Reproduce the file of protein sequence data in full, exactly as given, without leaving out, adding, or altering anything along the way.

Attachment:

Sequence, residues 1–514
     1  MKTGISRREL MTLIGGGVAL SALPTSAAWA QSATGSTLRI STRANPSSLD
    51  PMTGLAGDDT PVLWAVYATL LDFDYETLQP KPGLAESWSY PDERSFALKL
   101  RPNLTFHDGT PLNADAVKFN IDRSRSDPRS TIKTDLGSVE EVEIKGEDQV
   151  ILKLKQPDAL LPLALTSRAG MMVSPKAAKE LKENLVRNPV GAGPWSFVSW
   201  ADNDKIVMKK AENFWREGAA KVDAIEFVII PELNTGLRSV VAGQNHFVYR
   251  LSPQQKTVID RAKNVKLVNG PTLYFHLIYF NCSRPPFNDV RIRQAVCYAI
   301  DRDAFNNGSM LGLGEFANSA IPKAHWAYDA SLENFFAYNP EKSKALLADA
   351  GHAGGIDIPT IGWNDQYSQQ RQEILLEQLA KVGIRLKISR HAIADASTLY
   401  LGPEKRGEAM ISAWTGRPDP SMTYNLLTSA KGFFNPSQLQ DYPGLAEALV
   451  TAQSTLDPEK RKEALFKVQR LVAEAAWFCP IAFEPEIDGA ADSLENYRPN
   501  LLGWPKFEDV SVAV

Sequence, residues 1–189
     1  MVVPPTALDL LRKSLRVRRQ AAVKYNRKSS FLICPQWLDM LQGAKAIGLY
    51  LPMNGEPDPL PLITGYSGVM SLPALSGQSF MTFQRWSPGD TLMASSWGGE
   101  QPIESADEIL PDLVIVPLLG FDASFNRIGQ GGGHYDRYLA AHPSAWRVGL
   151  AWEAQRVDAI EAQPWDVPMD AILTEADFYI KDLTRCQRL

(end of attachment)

Sequence, residues 1–514
     1  MKTGISRREL MTLIGGGVAL SALPTSAAWA QSATGSTLRI STRANPSSLD
    51  PMTGLAGDDT PVLWAVYATL LDFDYETLQP KPGLAESWSY PDERSFALKL
   101  RPNLTFHDGT PLNADAVKFN IDRSRSDPRS TIKTDLGSVE EVEIKGEDQV
   151  ILKLKQPDAL LPLALTSRAG MMVSPKAAKE LKENLVRNPV GAGPWSFVSW
   201  ADNDKIVMKK AENFWREGAA KVDAIEFVII PELNTGLRSV VAGQNHFVYR
   251  LSPQQKTVID RAKNVKLVNG PTLYFHLIYF NCSRPPFNDV RIRQAVCYAI
   301  DRDAFNNGSM LGLGEFANSA IPKAHWAYDA SLENFFAYNP EKSKALLADA
   351  GHAGGIDIPT IGWNDQYSQQ RQEILLEQLA KVGIRLKISR HAIADASTLY
   401  LGPEKRGEAM ISAWTGRPDP SMTYNLLTSA KGFFNPSQLQ DYPGLAEALV
   451  TAQSTLDPEK RKEALFKVQR LVAEAAWFCP IAFEPEIDGA ADSLENYRPN
   501  LLGWPKFEDV SVAV

Sequence, residues 1–189
     1  MVVPPTALDL LRKSLRVRRQ AAVKYNRKSS FLICPQWLDM LQGAKAIGLY
    51  LPMNGEPDPL PLITGYSGVM SLPALSGQSF MTFQRWSPGD TLMASSWGGE
   101  QPIESADEIL PDLVIVPLLG FDASFNRIGQ GGGHYDRYLA AHPSAWRVGL
   151  AWEAQRVDAI EAQPWDVPMD AILTEADFYI KDLTRCQRL